Protecting Canada’s Immigration System Act (Bill C-31)

Harold Albrecht: Mr. Speaker, I, too, listened with interest to my colleague’s comments. The unfortunate part of many of the comments that have been made today is the rhetoric that is involved. She used the term “jail”. My colleague across the way used the terms, “prison camps” and “treated as criminals”. Nothing could be further from the truth. We are simply trying to identify the identity of the persons who are coming here.

Does she not agree that it is important we know whether those who come here to seek the protection of Canada are in fact terrorists or have been involved in criminal activity in their country of origin? Is that too much to ask for the safety of Canadians?

Elizabeth May: Mr. Speaker, I know the member for Kitchener—Conestoga to be a person of faith and compassion. I ask him to consider that these may in fact be jails. We do not yet have detention centres. Some of the people from the Sun Sea were placed in jails. That is a fact. Therefore, how are we going to deal with numbers of people?

I agree with the point entirely. We need to know who is coming to our shore. We need to identify them. Those things can be done without a blanket presumption.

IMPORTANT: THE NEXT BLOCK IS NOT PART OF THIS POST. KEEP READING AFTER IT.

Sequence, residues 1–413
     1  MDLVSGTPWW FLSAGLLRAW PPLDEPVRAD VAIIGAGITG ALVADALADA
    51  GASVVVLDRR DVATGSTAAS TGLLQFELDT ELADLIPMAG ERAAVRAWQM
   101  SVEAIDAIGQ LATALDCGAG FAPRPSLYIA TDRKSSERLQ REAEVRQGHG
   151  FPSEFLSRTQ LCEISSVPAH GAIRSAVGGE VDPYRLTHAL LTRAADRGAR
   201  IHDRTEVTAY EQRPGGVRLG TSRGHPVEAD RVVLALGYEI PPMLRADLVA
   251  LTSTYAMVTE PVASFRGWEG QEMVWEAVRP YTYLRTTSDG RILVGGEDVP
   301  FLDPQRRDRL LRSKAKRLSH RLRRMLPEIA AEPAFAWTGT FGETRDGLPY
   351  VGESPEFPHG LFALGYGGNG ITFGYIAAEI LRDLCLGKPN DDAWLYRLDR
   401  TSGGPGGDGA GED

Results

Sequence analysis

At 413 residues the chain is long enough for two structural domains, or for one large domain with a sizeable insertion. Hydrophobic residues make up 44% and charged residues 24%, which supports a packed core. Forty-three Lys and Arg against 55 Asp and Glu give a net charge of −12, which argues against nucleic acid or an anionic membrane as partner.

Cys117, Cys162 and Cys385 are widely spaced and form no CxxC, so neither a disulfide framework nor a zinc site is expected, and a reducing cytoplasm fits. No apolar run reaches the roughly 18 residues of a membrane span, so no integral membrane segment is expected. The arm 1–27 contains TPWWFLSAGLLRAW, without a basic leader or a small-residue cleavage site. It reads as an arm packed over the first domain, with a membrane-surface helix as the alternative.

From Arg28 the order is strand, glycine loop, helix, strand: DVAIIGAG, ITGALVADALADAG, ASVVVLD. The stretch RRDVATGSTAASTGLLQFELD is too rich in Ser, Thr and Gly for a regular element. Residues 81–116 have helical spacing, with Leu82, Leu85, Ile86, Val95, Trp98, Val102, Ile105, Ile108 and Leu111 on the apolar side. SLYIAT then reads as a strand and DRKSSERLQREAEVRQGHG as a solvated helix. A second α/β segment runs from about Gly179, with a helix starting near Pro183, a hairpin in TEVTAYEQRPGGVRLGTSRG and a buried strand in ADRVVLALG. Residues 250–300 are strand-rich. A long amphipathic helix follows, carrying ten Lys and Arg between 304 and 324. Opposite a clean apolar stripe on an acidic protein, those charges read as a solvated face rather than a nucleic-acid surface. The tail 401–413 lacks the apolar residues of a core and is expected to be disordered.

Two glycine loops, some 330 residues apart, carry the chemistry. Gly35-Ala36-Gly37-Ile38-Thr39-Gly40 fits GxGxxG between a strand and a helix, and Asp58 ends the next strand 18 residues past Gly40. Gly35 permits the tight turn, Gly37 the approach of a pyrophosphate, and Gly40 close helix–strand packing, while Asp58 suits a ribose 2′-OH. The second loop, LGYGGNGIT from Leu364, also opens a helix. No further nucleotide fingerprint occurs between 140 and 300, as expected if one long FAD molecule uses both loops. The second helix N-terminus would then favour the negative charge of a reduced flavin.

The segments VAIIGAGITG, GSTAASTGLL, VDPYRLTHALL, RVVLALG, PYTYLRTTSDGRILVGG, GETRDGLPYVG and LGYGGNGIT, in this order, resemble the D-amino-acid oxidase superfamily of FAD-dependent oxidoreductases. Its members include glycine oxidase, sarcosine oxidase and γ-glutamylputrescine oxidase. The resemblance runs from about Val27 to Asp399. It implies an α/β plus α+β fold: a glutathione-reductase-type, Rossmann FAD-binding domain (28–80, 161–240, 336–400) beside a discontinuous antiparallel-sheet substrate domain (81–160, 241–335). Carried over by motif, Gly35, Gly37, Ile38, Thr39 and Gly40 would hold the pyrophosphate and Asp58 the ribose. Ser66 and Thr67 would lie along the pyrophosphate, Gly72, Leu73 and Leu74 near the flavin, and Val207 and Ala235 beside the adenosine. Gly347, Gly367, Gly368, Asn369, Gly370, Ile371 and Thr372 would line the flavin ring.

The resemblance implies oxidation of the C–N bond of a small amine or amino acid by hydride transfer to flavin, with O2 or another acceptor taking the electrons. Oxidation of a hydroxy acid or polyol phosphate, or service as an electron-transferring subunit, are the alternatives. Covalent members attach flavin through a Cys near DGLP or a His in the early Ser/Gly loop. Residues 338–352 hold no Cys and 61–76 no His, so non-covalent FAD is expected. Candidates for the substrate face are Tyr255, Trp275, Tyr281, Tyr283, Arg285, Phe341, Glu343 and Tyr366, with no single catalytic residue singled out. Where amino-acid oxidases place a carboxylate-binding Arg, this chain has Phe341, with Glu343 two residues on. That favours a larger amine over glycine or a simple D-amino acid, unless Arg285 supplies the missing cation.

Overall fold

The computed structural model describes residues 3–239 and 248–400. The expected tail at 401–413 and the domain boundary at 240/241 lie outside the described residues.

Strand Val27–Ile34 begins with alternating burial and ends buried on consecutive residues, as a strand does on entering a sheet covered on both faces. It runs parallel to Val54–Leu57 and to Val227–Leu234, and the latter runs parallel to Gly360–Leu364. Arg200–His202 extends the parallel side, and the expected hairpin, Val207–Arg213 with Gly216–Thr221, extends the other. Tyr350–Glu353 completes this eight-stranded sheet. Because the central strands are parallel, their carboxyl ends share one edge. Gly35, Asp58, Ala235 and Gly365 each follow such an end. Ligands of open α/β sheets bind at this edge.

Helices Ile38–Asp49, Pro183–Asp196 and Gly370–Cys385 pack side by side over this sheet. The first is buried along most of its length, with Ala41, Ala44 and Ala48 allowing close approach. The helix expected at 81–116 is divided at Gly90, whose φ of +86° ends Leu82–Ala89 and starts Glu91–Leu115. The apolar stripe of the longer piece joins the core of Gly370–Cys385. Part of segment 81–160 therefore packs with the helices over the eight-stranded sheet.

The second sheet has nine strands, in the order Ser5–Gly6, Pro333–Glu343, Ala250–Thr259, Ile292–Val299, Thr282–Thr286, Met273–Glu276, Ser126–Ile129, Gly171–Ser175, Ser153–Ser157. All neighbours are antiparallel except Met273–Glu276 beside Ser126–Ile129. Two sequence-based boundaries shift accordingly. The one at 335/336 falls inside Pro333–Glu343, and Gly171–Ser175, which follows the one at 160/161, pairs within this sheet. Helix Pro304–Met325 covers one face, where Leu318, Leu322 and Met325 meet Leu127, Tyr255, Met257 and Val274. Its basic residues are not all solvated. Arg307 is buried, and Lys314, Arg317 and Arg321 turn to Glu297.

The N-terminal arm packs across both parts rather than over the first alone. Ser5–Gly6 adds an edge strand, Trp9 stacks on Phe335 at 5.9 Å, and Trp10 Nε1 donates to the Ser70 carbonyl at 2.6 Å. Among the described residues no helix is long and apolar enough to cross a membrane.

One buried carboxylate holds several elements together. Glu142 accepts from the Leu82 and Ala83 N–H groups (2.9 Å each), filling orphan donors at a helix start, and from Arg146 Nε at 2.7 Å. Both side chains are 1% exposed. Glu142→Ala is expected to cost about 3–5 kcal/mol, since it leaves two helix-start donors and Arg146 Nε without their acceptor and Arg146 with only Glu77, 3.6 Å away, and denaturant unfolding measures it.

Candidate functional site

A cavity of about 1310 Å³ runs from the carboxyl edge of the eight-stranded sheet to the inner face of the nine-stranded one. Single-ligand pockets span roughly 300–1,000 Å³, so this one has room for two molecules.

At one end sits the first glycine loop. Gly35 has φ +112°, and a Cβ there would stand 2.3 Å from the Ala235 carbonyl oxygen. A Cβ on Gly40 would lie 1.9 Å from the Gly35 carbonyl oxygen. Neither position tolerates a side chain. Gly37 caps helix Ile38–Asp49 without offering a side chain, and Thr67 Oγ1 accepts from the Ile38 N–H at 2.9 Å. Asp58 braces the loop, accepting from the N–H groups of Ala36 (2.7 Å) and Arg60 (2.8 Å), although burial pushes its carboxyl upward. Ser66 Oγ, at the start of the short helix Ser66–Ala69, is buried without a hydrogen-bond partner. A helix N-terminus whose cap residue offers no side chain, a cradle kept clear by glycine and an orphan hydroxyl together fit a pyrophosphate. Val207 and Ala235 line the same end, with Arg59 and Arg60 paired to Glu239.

For instance, the way this legislation would work is if people come by ship, they are automatically detained. If they arrive in an airport, they are not. I do not understand why it is that we assume that only the dangerous people come by ships. If they come to a crossing by car and say that they are political refugees, their treatment is different.

The government, in its legislation, has not provided consistency in the way in which these streams of political refugees are to be treated.

I can only see it as a public relations ploy to start by saying that if people come by ship, they will be deemed an irregular entry. If we do not call it prison, if we do not call it jail, if we do not call it internment, the detention facilities in this legislation could well end up being the county jail.